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Decoupled Drupal with Gatsby: A Business Case Evaluation

by Bill Shaouy
December 28, 2020

If you are deciding between a standard Drupal architecture vs. a decoupled one with a GatsbyJS front end (which I’ll call “Gatsby” from here on out), certainly the latter approach offers some compelling advantages. Decoupling Drupal may be easier than you think. A Gatsby front end offers a more flexible and compelling user experience across multiple channels, as well as excellent performance, security, and scalability. 

However, in developing an independent front end and back end, one must factor in the additional costs and financial benefits of doing so vs a traditional standalone approach. As described in our introductory blog post, Building a Business Case, a business case exercise can clarify costs and benefits, both in terms of initial cost, ongoing costs, and revenues of each. 

In this blog post we’ll perform this exercise for standalone vs. decoupled Drupal with Gatsby, performing the following steps: 

  1. Determine the costs of each option
  2. Determine the benefits for each option
  3. Recommend an option based on cost and benefits

Determine the Costs of Each Option

Two different types of costs need to be considered when evaluating options, the cost of the initial implementation, and the ongoing and operating costs once the implementation is complete. The following two tables approximate these costs. Note: these costs are highly theoretical approximations, only to be used as an illustration. Actual costs can only be calculated once detailed requirements are considered. 

Implementation Costs

The following table summarizes theoretical implementation costs for each of the two options. These entail the licensing and build estimates for each option. This illustration (again, theoretical numbers) assumes a simple implementation with little to no customization. 

Cost

Standalone Drupal

Decoupled Drupal with Gatsby

Initial License

$0

$0

Build

$100K

$180K

Hosting (average)

$30K

$45K

Total

$130K

$240K

A few things stand out in this comparison:

  • Freedom from Licensing Fees: Of course, Drupal has no licensing fee, but if you use an open source front end technology like Gatsby, the licensing fee will be free for that as well.
  • Time and Effort Up Front: The initial effort for the decoupled build is greater than that for the standalone Drupal build. This is because front end technologies like Gatsby are newer, and in our experience, there are bumps in the road when working with them in an initial build.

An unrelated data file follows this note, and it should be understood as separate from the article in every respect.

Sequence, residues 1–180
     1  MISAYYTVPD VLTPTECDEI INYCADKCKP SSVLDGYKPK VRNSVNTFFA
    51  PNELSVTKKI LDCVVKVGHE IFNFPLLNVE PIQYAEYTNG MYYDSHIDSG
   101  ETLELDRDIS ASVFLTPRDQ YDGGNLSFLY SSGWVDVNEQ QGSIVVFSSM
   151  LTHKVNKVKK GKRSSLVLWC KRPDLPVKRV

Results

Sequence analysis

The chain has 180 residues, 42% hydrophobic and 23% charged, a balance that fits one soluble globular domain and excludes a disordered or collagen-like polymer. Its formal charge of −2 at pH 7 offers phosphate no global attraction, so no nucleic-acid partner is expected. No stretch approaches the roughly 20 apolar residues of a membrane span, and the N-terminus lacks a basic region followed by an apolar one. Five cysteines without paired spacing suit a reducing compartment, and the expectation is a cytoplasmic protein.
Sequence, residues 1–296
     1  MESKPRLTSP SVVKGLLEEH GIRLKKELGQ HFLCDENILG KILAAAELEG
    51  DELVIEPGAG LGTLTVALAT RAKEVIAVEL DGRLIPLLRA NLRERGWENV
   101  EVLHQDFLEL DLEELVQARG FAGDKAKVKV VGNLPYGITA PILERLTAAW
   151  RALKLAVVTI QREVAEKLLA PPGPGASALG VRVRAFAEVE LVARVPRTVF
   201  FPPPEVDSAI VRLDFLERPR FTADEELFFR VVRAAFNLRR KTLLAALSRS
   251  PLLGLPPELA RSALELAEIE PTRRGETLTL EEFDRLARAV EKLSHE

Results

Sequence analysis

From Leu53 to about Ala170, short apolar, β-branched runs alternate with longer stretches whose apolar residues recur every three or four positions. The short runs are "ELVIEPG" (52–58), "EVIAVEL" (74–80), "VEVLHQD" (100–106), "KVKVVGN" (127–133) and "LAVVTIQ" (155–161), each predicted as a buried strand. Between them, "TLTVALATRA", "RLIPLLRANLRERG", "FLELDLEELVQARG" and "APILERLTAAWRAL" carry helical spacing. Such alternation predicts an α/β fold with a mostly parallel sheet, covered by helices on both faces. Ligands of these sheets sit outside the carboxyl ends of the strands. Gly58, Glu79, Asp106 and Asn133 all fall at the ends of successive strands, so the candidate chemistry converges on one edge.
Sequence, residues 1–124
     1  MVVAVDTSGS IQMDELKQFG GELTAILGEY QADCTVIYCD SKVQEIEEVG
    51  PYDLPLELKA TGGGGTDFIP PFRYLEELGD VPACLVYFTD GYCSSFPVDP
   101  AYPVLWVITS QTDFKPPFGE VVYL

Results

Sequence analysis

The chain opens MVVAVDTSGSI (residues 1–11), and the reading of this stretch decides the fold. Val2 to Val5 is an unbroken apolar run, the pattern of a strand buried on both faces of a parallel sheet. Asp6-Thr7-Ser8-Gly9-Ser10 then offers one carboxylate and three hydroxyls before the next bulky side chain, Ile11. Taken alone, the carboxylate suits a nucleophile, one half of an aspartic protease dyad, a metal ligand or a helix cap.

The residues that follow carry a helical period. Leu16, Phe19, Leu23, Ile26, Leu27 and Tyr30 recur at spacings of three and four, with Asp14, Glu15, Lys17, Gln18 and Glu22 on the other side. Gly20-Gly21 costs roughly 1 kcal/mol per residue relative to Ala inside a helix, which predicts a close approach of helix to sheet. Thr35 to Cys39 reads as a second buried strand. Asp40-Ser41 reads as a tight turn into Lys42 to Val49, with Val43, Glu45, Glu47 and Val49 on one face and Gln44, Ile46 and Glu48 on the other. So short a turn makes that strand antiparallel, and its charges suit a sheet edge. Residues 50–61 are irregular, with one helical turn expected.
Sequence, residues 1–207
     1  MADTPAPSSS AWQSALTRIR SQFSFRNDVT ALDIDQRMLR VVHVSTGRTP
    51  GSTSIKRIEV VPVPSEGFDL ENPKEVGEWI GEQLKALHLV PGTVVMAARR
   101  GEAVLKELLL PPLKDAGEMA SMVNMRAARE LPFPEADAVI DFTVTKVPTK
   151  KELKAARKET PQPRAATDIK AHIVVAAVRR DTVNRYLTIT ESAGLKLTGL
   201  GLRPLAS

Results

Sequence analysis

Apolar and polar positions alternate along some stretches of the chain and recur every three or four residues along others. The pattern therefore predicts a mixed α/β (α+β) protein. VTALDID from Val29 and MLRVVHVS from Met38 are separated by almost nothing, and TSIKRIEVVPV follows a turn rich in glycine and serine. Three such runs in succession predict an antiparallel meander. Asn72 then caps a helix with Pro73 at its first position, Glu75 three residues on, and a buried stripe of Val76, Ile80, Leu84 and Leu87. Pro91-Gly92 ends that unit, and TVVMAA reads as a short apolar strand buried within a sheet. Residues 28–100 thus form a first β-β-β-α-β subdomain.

• The Stability of Drupal 8 and Drupal 9: Drupal 8 is stable and mature, having been release level since 2016, and Drupal 9 is architecturally similar.  With a standalone solution, there are fewer bumps in the road. 
  • Hosting: Hosting costs are greater with a decoupled solution as well. The cost of hosting services vary greatly and the figures we’re stating here are an illustration. Your actual hosting costs will certainly differ. That said, you will be paying for two hosting services with a decoupled solution, one to host the back end and another to host the front end, whereas a standalone solution requires just one.

Ongoing/Operating Costs

After implementation, each option incurs recurring costs. This is a critical consideration in evaluating options that often gets overlooked, and we recommend you always factor in these costs in your decision. For our example, the following table summarizes those costs (again, they are theoretical):

Cost

Standalone Drupal

Decoupled Drupal with Gatsby

Ongoing License

$0

$0

Maintenance and Support

$40K

$20K

Hosting

$30K

$15K

Total

$70K

$80K

 

As with the initial cost, the ongoing costs of the decoupled option are higher, albeit by less. In our example, they’re almost equal. While hosting costs are again higher for the decoupled option, maintenance and support costs are less. Although there are initial bumps in the road for a decoupled solution, our experience has also taught us that once those obstacles are overcome, it is a lower effort to maintain the solution because Gatsby, and the React framework it’s built upon, are simpler than that of Drupal’s front end engine. It is easier to learn, and developers skilled in it are easier to find. 

Determine the Benefits of Each Option